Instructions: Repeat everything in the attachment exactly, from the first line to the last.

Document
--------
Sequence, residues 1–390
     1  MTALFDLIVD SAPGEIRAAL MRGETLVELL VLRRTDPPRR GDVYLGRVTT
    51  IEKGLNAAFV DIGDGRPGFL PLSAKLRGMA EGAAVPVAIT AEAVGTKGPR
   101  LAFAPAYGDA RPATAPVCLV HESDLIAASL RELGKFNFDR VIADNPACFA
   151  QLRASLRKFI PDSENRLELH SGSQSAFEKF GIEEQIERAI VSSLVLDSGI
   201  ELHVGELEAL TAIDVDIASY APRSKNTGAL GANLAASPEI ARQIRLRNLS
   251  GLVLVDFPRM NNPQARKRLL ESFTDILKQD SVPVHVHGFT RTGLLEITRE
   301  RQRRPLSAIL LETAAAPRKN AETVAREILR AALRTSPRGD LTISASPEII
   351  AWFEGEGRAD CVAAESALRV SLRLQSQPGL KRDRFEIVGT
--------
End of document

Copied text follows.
Sequence, residues 1–390
     1  MTALFDLIVD SAPGEIRAAL MRGETLVELL VLRRTDPPRR GDVYLGRVTT
    51  IEKGLNAAFV DIGDGRPGFL PLSAKLRGMA EGAAVPVAIT AEAVGTKGPR
   101  LAFAPAYGDA RPATAPVCLV HESDLIAASL RELGKFNFDR VIADNPACFA
   151  QLRASLRKFI PDSENRLELH SGSQSAFEKF GIEEQIERAI VSSLVLDSGI
   201  ELHVGELEAL TAIDVDIASY APRSKNTGAL GANLAASPEI ARQIRLRNLS
   251  GLVLVDFPRM NNPQARKRLL ESFTDILKQD SVPVHVHGFT RTGLLEITRE
   301  RQRRPLSAIL LETAAAPRKN AETVAREILR AALRTSPRGD LTISASPEII
   351  AWFEGEGRAD CVAAESALRV SLRLQSQPGL KRDRFEIVGT